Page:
Lessons Learned from Incremental Development of Light Rail - the San Diego Experience
SEAGRIFF E A, London Transport, UK
San Diego's light rail system was the first of the 'renaissance' systems in the United States, where street running modem light rail has been introduced to the city afrer a long period of absence of such modes. Rather than embarking on a grand and expensi
San Diego's light rail system was the first of the 'renaissance' systems in the United States, where street running modem light rail has been introduced to the city afrer a long period of absence of such modes. Rather than embarking on a grand and expensive plan for a new light rail system, the transit authority in San Diego has taken an incremental approach to the development of the system. It has continued to expand since July 1981 when the first 25.6 km line with 18 stations opened, with 14 vehicles on a largely single- tracked operation. Seven extensions and numerous improvements have been implemented to make up a system which now comprises 77 km of route length and 46 stations. 18 years of light rail operating experience in San Diego, together with the gradual expansion of the network, means there are numerous lessons to learn. The system is seen by many in the U.S. as a model of how fight rail can be developed in an incremental way from simple beginnings to a multi-corridor system which is integrated with the rest of the public transport network and which is developed along various right-of-way and land use types and development opportunities that exist. This paper outlines the approach taken and suggests the key lessons learned of relevance to systems which are currently being planned or developed.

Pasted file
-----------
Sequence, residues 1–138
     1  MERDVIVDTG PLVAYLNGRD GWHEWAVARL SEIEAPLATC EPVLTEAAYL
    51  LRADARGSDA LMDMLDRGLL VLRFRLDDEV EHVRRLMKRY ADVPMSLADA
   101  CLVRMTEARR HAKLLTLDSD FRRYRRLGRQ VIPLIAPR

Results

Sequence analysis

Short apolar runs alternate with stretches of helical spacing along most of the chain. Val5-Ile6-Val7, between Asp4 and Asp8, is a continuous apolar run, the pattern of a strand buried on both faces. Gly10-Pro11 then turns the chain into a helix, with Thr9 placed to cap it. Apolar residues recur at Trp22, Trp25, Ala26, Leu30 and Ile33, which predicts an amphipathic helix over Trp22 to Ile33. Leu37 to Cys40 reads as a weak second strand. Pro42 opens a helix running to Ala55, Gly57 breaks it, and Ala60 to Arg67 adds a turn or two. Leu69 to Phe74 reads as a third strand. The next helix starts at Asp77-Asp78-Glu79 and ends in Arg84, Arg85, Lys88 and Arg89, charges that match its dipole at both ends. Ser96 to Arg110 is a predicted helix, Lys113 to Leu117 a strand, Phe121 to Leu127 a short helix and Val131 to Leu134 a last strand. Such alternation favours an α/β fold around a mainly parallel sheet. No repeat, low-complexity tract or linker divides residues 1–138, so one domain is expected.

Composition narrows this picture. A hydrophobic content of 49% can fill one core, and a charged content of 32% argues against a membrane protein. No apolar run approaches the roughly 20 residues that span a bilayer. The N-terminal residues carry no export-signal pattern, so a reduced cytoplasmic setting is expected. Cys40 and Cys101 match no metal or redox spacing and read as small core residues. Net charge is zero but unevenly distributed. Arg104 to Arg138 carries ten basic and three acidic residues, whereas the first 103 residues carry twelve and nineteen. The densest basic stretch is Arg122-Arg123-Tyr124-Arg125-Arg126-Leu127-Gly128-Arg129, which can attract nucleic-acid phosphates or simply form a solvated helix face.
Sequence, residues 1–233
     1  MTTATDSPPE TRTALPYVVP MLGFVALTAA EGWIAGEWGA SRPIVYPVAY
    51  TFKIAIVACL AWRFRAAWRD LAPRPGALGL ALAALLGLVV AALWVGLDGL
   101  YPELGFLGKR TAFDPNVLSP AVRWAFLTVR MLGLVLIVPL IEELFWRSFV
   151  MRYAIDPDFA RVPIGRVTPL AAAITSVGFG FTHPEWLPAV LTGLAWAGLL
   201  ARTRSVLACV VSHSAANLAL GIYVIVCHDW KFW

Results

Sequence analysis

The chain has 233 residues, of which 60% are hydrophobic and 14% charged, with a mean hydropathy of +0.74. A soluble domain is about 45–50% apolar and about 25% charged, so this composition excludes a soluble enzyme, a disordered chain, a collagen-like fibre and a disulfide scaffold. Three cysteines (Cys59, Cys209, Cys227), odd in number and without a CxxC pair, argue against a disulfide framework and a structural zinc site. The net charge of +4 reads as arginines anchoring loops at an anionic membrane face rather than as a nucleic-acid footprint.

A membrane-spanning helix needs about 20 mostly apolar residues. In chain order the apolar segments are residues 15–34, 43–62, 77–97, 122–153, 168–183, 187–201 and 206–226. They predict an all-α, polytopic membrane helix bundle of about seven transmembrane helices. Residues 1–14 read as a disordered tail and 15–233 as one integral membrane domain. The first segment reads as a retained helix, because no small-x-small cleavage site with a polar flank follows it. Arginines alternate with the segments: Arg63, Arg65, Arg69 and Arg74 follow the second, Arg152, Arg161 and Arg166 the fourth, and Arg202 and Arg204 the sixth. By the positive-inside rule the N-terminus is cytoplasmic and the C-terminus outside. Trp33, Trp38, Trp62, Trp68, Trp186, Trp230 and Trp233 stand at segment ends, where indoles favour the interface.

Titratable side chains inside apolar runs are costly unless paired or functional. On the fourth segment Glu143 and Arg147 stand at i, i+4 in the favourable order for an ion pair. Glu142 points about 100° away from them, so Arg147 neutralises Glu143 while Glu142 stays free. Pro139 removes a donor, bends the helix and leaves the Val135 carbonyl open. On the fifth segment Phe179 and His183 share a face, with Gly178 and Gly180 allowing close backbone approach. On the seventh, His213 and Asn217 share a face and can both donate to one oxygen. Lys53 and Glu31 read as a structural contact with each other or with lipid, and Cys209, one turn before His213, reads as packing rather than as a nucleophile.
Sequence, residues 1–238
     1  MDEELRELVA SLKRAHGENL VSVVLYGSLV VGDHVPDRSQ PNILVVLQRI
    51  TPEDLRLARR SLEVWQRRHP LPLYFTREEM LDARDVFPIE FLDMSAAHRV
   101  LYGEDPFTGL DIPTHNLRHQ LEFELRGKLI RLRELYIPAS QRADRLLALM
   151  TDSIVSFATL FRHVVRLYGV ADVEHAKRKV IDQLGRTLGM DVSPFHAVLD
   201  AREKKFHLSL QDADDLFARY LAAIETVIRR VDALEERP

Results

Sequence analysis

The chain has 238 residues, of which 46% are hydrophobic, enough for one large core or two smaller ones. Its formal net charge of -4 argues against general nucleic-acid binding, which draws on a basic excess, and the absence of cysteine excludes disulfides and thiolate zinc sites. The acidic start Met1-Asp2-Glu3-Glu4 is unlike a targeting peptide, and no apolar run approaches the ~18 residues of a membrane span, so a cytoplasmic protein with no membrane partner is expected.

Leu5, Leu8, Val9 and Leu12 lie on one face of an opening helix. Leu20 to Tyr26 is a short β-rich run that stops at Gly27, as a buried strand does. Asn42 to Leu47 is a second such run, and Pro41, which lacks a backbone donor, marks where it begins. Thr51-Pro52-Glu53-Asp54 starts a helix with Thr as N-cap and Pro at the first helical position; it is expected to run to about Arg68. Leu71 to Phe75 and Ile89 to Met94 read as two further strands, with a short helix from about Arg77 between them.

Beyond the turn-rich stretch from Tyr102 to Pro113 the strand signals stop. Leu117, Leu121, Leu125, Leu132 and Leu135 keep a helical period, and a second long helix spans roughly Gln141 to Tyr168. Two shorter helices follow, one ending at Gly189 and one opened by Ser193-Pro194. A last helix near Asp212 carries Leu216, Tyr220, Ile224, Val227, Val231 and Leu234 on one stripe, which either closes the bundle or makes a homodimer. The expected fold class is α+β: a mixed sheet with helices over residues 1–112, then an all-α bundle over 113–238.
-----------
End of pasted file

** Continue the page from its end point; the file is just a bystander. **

Association for European Transport